"I understand how people can perceive it otherwise, but Tobe was a terrific filmmaker.  And I don't think it was that Steven was controlling, I think it was Steven was enthusiastic as a filmmaker who has celluloid running through his veins, and nobody was there to protect Tobe... [but] Tobe was there throughout, Tobe's vision is very much realized there, and Tobe got credit because he deserved that credit, including Steven Spielberg said that." It sounds, to me, like a lot of attempts to explain the continued clashing accounts of the set.  I think above, in his tweet, he realizes he can finally make a clear judgment, free of the interpretability of defensive and reactive speech - without the pressure of the microphone and the dialoguing with both Williams and the context of the issue being brought up again.

 I think it's clear Garris's position.  "Both made the movie," if in differing capacities.  But in this comment, I chose to highlight something that I've always constantly questioned, something which I think should be obvious, and which I again chose to extract as a final statement of fact: Garris states, "Tobe was heavily involved in the storyboarding, too."

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A BTS still of a clapboard in front of the staircase set shows, not just "T. Hooper" on the slate (which has no significance, I'm sure slates still read the director's name, even when its 2nd Unit shooting), but "R. Edlund" as cameraman.
(This could be solely for VFX, considering there's a "V" next to the scene number and Edlund is behind the camera, but it is happening rather early in the shooting schedule (June 30th), so I'd like to think JoBeth Williams's stunt double is being prepared to tumble down those stairs in any second. (A specter was supposed to be superimposed at the top of the staircase in this scene, but this idea didn't make it into the final cut.))

A BTS still that shows Hooper standing in a rain slicker watching over the shooting of a scene in the pool.  I erroneously identify the man on the right as Craig T. Nelson, but it is actually JoBeth Williams being filmed, who you can see submerged in the water at the bottom of the frame.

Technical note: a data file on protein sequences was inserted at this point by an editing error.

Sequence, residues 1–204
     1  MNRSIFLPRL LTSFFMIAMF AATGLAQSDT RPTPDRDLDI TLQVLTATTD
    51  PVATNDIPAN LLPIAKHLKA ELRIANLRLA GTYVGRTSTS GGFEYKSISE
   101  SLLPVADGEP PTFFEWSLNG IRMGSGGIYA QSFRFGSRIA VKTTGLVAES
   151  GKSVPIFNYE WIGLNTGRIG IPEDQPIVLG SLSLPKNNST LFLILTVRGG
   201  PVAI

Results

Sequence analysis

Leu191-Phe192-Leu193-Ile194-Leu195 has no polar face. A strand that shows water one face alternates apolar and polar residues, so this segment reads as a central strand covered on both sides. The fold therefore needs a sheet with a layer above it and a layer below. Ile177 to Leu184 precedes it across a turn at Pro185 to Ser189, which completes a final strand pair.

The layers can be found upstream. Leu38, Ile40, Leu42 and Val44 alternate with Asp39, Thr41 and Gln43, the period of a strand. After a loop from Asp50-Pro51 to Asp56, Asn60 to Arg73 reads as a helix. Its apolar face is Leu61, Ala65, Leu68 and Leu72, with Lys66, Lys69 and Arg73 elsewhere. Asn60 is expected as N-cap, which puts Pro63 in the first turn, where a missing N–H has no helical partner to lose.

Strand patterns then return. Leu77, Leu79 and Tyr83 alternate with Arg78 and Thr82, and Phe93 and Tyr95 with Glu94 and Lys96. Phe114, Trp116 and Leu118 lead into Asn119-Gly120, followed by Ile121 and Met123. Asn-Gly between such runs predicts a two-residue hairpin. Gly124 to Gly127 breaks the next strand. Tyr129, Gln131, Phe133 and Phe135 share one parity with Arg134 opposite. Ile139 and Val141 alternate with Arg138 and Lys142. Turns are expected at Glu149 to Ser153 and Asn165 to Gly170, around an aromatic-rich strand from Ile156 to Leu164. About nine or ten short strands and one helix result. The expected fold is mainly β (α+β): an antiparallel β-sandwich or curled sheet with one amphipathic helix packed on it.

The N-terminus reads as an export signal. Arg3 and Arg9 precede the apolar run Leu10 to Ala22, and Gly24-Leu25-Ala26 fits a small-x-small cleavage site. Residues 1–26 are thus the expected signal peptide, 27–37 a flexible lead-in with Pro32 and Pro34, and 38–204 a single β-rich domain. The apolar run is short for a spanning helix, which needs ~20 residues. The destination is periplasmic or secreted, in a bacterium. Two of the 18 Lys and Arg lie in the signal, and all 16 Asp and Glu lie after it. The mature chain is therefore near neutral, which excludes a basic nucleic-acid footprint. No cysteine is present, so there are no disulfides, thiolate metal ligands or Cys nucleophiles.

A BTS still of Spielberg on the very first day of shooting.
(I stand by my first thought: Annoying.)
(Back off, Spielberg, I know it was Hooper's idea to shoot from behind the tombstones... (I don't know, but I'm putting it out there anyway.))

 A random bit of hearsay from an online poster who seemed to not have any actual source.  I can believe this, though... I also repeat something I've always repeated about Rubinstein's account, that her most objective, impartial statement on her time on the Poltergeist set is actually the following: "It was a split decision," she stated, between Hooper and Spielberg, both apparently always present.
(Me: "true... not true... true.")

An account by a horror filmmaker about asking James Karen about the directorial credit of Poltergeist.  "[Karen] jumped down my throat" (presumably in defense of Hooper).

Excerpts from primary source material circa-1982, interviews with cast and crew from newspaper publications like the LA Times.  I took to this one from JoBeth Williams particularly, who states very clearly, "Our director, Tobe Hooper," while characterizing Spielberg as a sort of "big picture" man.  What is a director, also, but someone who takes the "babies" of others (the writers, the producers, the studio execs) and does what he or she can to emancipate that baby from its cloying, protective parent?

 My descriptor explains it all: "A turgid, possibly untrue on-set story."
(Detailed is the account of Steven blowing up at Hooper for not being able to finish a scene between Beatrice Straight and her assistants, in which they are tasked to deliver a bunch of scientific gobbledy-gook.  Allegedly Beatrice Straight went to bat for Hooper, claiming the dialogue was impossible.  Spielberg wrapped the set, went home to do rewrites, then brought them back the next day, after which Hooper finished the scene with no problem, with his actors.  Spielberg then apologized to the entire crew for his flare-up.)